Academic journal article Perspectives in Public Health

A Systematic Critical Review of Epidemiological Studies on Public Health Concerns of Municipal Solid Waste Handling

Academic journal article Perspectives in Public Health

A Systematic Critical Review of Epidemiological Studies on Public Health Concerns of Municipal Solid Waste Handling

Article excerpt

Introduction

Several epidemiological studies conducted in both developed and developing countries have suggested that municipal solid waste management is a risky and life-threatening activity for populations residing near landfills and waste incinerators, for municipal waste workers and for informal waste recyclers.

A central theme in literature reviewed in this article is that the major health problems of populations residing near landfills and incinerators are cancer, low birth weight, congenital anomalies and Down's syndrome and for municipal waste workers and recyclers the health problems are musculoskeletal disorders, injuries, respiratory, gastro-intestinal and skin conditions. Unfortunately, these epidemiological studies have essentially neglected several critical aspects on the human health risks of municipal solid waste handling.

Noteworthy, all the studies reviewed in this article on cancer risks on populations residing near landfill sites or former sites merely suggest either elevated or no risk, but none has conclusively identified a causal or non-causal relationship between cancers and landfills for such populations.

Equally important, a major limitation of some studies on cancer, low birth weight and congenital anomalies in populations near municipal landfills is their failure to account for potential sources of error like misclassification of waste sites, operating dates of landfills and non-examination of possible effects of multiple or differential exposures from different sites.[1]-[3] However, on the positive, it is noteworthy that, despite these shortcomings, some of these studies were very large and had high power.[1],[2],[4]

Some studies of residents potentially exposed to landfills reported an elevated risk of cancers of the pancreas and liver[2] , kidneys[2],[5] and bladder.[5] Additionally, Gensburg et al .[5] reported higher bladder cancers in exposed children. With regard to the popular Love Canal landfill, Gensburg et al.[5] concur that the role of exposure to the landfill is unclear, given limitations such as a relatively small and incomplete study cohort, imprecise measurements and the exclusion of cancers diagnosed before 1979.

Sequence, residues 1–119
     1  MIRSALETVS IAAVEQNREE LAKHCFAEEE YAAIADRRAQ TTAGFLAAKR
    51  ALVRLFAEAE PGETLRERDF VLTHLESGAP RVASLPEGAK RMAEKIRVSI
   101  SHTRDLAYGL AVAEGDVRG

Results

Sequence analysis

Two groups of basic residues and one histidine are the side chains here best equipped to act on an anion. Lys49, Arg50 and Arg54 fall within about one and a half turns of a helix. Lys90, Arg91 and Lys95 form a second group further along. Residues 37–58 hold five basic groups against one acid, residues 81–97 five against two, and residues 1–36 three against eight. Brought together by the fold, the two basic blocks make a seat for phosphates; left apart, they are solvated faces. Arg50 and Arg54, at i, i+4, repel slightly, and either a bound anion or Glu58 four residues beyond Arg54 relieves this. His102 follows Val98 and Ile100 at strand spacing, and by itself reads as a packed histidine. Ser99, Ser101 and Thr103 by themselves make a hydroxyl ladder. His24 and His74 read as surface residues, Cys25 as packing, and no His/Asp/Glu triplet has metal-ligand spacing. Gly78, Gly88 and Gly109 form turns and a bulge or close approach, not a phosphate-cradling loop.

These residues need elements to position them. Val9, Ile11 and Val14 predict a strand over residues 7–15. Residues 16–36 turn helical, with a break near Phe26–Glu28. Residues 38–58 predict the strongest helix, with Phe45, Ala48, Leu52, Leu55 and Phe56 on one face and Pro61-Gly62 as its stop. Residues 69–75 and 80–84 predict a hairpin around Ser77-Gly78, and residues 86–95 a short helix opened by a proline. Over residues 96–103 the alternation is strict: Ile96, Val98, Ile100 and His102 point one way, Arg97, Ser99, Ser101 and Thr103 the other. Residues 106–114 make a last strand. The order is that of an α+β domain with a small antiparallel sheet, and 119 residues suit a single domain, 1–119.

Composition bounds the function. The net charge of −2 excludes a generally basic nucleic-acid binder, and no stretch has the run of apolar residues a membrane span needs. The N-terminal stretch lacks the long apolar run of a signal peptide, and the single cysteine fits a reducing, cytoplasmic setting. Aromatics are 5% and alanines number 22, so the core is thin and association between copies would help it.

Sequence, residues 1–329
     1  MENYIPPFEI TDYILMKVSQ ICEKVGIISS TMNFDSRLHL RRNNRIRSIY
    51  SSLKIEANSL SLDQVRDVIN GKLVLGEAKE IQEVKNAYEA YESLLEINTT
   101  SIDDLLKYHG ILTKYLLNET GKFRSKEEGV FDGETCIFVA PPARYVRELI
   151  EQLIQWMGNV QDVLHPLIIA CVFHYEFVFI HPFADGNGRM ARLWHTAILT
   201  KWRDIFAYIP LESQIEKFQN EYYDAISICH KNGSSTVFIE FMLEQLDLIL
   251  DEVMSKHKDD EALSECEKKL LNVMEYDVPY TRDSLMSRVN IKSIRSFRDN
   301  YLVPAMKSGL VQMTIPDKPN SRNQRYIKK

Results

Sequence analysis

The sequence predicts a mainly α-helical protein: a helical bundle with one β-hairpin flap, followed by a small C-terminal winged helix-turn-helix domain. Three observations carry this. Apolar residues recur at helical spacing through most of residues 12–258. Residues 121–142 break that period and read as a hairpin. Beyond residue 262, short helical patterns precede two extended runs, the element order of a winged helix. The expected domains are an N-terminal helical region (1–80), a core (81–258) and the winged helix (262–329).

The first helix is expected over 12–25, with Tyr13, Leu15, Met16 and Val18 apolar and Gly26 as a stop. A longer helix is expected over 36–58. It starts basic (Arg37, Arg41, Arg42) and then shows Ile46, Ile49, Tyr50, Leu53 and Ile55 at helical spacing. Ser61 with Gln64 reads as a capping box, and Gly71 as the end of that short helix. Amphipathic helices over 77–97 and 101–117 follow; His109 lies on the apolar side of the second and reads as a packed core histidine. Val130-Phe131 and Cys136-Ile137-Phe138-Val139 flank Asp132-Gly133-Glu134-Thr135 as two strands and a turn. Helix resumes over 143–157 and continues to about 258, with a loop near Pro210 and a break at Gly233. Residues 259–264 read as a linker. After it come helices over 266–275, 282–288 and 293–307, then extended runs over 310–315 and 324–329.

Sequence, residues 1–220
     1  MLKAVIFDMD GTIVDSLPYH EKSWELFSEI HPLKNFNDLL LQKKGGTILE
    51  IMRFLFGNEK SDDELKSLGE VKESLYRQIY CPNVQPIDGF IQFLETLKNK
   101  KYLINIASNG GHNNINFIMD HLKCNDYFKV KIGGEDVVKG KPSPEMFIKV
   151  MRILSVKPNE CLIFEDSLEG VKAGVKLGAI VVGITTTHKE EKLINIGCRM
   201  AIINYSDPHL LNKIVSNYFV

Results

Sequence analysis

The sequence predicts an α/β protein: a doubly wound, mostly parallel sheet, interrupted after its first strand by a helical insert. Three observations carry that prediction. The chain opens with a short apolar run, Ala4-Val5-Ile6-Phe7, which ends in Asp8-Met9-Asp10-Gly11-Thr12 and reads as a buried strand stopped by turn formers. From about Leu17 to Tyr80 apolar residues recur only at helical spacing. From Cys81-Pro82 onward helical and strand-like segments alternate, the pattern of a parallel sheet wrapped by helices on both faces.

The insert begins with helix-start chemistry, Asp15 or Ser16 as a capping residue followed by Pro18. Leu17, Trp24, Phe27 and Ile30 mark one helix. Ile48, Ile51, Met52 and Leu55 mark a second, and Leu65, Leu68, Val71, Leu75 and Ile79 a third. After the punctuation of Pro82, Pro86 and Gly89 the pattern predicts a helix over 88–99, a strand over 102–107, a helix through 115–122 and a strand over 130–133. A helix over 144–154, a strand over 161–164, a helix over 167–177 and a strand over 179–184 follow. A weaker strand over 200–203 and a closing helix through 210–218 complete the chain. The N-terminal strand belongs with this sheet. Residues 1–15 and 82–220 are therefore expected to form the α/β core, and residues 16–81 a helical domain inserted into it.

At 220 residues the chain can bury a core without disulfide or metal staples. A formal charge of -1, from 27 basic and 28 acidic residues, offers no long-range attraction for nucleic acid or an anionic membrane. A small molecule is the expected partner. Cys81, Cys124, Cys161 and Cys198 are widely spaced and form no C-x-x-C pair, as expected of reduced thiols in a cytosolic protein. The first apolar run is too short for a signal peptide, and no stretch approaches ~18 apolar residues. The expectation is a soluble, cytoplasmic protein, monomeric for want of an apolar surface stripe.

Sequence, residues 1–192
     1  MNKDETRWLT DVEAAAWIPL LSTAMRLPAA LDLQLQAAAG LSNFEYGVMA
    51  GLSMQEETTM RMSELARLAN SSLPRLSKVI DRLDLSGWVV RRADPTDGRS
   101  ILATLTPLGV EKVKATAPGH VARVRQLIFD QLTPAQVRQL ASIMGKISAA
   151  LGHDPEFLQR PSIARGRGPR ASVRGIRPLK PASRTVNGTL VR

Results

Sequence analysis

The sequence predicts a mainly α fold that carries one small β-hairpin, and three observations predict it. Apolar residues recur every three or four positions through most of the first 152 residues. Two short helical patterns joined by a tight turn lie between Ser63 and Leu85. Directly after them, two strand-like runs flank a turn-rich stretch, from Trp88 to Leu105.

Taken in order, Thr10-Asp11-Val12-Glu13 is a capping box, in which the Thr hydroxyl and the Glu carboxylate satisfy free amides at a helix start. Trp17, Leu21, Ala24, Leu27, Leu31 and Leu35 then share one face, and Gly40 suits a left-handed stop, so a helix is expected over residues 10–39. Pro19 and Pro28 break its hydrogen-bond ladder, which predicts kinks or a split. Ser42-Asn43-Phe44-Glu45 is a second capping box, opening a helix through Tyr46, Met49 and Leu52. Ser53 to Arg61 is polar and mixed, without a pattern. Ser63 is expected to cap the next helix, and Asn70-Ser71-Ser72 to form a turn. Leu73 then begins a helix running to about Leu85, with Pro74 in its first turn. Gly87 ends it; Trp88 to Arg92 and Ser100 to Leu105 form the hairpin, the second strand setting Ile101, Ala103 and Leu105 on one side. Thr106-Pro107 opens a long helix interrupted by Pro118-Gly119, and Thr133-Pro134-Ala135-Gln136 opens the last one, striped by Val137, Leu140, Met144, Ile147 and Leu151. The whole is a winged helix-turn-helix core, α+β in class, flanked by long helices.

Noteworthy, most studies on municipal waste workers have regrettably negated performing exposure assessments for waste handlers. Epidemiological studies with exposure classification based on field measurement are needed, both to further identify high-risk work conditions and to provide a detailed basis for establishment of occupational exposure limits for mechanical and energetic load particularly in relation to pulling and tilting of containers.[6] Evidently, non-conduction of exposure assessments in this body of research does not allow for strong evidence-based conclusions to be drawn regarding exposure levels and associated health effects of municipal solid waste handling. There is need for an appropriate risk assessment that informs local government structures and relevant sectors on the health risks associated with different waste management technologies.

Finally, while most studies on waste handling have revealed abundant evidence on respiratory complaints among waste handlers, a lot of research needs to be done on other associated health problems of waste handling. While moderate evidence is available to support that waste collection increases the risk of respiratory complaints, there is limited evidence on gastro-intestinal complaints and hearing loss.[7] This suggests that research on occupational health risks of waste handlers has not been exhaustive but is rather limited in its coverage of occupational health risks of municipal solid waste handling. There is therefore a paucity of information on other occupational health problems of waste handling.

Review

Method

The PubMed and MEDLINE computerised literature searches were employed to identify the relevant papers using the keywords solid waste, waste management, health risks, recycling, landfills and incinerators. …

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